If Distance is 'minkowski', then DistParameter is the exponent in the Minkowski distance formula. Otherwise, DistParameter is [], indicating that the specified distance metric formula has no parameters.

The 'P' name-value pair argument of createns or KDTreeSearcher sets this property.

You can alter DistParameter by using dot notation, for example, Mdl.DistParameter = PNew, where PNew is a positive scalar.

Data Types: single | double

This property is read-only.

Maximum number of data points in each leaf node of the Kd-tree, specified as a positive integer.

The 'BucketSize' name-value pair argument of createns or KDTreeSearcher sets this property.

Data Types: single | double

Object Functions

knnsearchFind k-nearest neighbors using object
rangesearchFind all neighbors within specified distance using object

Examples

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Grow a four-dimensional Kd-tree that uses the Euclidean distance.

Load Fisher's iris data set.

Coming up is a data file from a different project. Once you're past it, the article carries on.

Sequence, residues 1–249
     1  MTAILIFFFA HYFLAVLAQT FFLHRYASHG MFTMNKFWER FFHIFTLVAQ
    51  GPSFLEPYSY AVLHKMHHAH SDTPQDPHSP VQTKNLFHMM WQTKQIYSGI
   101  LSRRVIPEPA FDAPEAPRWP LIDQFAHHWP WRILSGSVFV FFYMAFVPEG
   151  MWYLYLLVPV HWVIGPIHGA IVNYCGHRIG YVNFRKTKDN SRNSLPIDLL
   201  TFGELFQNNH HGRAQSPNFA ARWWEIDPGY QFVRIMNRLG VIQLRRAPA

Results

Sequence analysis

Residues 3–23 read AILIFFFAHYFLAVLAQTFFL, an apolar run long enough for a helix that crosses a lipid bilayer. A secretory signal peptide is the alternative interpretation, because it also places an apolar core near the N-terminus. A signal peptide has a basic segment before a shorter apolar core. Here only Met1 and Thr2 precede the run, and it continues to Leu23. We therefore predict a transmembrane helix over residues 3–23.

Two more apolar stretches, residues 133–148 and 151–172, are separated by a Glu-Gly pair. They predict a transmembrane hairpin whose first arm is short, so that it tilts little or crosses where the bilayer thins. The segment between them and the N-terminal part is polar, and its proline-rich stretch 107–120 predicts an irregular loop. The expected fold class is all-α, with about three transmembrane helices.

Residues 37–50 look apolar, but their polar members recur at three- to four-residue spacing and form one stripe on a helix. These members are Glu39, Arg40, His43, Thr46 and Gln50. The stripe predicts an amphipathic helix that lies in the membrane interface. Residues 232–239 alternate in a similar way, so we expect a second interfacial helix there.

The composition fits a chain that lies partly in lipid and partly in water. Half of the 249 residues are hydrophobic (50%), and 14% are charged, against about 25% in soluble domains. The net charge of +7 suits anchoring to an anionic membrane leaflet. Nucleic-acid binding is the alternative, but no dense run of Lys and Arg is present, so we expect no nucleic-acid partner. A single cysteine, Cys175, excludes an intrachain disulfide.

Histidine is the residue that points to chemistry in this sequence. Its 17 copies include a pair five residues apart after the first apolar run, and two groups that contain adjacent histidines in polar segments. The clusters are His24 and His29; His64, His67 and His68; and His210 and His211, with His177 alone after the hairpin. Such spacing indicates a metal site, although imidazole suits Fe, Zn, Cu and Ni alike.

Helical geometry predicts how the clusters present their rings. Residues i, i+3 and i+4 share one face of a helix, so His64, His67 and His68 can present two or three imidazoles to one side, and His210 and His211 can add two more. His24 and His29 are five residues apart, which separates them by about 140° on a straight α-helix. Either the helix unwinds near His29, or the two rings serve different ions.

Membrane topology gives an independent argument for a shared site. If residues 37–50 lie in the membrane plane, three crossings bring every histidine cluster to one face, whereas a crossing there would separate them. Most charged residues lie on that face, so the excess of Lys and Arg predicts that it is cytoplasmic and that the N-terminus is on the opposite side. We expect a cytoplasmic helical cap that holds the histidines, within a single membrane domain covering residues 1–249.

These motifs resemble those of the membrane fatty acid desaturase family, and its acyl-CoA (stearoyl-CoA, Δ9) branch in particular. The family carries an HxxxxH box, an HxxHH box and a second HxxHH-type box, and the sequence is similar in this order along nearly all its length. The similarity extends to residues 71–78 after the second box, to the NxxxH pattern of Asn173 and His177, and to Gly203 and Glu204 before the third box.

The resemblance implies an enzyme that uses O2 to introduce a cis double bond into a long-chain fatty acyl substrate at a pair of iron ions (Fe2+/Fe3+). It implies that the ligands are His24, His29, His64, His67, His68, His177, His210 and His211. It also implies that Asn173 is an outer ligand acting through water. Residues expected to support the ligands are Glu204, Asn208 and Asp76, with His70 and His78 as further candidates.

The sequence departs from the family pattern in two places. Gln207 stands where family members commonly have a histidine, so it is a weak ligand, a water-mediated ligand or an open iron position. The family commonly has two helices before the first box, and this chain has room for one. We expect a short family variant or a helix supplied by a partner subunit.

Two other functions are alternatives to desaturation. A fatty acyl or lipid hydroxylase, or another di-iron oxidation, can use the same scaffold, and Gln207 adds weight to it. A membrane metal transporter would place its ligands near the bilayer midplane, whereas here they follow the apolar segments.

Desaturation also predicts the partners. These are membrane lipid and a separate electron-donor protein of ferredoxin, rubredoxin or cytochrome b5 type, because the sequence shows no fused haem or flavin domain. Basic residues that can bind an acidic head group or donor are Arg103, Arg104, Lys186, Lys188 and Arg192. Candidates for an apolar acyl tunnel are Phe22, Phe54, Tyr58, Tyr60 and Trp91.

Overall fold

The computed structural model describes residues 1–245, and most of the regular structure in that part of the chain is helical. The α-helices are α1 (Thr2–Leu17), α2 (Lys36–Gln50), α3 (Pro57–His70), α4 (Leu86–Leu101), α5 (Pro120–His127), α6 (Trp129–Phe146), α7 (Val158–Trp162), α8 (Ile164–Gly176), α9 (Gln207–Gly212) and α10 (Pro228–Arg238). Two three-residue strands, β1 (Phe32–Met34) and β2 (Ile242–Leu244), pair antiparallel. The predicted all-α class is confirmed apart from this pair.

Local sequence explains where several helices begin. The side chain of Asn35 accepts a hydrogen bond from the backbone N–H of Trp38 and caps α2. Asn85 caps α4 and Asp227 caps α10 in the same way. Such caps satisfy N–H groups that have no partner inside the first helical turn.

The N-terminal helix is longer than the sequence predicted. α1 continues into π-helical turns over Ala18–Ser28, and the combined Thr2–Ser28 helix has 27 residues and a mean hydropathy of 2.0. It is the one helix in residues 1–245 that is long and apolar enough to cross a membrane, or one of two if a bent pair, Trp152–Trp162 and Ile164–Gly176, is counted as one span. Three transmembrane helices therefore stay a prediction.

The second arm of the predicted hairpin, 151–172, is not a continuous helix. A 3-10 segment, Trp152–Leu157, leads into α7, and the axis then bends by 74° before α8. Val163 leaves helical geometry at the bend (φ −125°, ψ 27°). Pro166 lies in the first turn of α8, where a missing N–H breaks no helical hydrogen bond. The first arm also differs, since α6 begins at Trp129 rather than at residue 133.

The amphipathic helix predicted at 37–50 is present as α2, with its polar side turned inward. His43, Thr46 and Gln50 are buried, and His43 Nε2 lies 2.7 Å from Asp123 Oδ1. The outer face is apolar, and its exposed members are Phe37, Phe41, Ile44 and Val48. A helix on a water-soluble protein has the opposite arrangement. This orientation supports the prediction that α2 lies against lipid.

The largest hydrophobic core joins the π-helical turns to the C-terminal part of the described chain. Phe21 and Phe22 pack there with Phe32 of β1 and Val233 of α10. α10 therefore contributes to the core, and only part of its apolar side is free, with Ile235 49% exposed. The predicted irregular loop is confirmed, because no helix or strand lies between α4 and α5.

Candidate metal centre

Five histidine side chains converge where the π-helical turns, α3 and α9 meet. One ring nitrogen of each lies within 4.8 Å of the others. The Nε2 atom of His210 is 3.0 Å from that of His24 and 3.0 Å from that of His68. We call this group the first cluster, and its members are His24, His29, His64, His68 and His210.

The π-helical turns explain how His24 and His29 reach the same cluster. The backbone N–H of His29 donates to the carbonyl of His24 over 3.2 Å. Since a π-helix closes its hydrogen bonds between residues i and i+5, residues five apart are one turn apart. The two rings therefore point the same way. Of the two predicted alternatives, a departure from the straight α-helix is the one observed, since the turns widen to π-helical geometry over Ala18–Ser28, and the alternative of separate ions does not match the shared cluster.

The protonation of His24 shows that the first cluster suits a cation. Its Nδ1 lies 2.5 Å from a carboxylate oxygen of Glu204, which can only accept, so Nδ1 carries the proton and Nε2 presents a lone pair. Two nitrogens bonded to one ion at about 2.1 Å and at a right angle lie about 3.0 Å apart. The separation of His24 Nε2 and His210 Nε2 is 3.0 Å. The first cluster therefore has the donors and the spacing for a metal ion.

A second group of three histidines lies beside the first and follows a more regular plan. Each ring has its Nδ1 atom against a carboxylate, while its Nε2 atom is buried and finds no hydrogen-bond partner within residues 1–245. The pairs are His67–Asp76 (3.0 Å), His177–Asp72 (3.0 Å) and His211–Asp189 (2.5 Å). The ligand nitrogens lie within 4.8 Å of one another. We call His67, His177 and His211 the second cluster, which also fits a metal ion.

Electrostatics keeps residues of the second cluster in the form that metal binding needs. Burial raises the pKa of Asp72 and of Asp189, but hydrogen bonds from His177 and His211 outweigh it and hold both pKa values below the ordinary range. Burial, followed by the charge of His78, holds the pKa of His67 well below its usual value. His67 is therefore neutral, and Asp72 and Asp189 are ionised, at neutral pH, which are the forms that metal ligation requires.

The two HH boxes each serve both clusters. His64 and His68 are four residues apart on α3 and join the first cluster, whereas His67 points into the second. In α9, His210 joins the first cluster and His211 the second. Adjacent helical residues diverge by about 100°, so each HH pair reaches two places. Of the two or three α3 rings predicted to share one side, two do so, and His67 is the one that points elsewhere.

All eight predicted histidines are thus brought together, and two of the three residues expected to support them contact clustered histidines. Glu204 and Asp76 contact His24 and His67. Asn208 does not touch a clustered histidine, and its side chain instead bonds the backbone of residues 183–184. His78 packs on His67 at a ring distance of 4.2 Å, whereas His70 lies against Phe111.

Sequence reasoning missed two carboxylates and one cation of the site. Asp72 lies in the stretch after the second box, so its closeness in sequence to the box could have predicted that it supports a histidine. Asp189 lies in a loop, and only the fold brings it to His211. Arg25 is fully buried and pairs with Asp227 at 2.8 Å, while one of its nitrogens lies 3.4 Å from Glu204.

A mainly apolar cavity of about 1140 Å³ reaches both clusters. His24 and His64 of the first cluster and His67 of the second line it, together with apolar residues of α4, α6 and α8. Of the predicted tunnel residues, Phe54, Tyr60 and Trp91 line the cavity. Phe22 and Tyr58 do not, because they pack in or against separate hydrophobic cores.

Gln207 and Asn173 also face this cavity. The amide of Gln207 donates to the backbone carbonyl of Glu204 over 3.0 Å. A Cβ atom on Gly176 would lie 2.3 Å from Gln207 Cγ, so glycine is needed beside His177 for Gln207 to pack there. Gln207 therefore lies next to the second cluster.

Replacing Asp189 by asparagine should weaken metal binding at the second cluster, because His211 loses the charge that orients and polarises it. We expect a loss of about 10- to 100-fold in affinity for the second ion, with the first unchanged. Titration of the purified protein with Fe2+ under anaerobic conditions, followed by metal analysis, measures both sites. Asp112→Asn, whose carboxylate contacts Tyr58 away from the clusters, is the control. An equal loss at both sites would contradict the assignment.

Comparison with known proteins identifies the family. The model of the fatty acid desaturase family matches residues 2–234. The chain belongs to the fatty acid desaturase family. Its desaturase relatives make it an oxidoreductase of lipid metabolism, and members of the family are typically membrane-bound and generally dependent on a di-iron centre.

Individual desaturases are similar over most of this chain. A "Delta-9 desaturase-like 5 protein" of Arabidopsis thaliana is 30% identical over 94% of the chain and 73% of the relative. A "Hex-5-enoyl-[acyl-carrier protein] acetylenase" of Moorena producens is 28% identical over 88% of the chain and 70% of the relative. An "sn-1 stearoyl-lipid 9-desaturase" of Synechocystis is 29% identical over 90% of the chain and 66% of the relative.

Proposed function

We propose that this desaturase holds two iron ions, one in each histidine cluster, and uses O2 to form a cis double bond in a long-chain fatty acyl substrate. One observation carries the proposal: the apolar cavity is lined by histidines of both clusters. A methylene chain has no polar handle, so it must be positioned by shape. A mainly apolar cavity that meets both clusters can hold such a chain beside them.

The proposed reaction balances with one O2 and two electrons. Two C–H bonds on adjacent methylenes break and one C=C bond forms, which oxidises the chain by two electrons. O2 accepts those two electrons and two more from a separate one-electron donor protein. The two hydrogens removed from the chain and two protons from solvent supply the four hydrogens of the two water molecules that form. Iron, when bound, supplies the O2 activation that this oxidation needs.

load fisheriris
X = meas;
[n,k] = size(X)
n = 150
k = 4

X has 150 observations and 4 predictors.

Grow a four-dimensional Kd-tree using the entire data set as training data.

Mdl1 = KDTreeSearcher(X)
Mdl1 = 
  KDTreeSearcher with properties:

       BucketSize: 50
         Distance: 'euclidean'
    DistParameter: []
                X: [150x4 double]

Mdl1 is a KDTreeSearcher model object, and its properties appear in the Command Window. The object contains information about the grown four-dimensional Kd-tree, such as the distance metric. You can alter property values using dot notation.

Alternatively, you can grow a Kd-tree by using createns.

Mdl2 = createns(X)
Mdl2 = 
  KDTreeSearcher with properties:

       BucketSize: 50
         Distance: 'euclidean'
    DistParameter: []
                X: [150x4 double]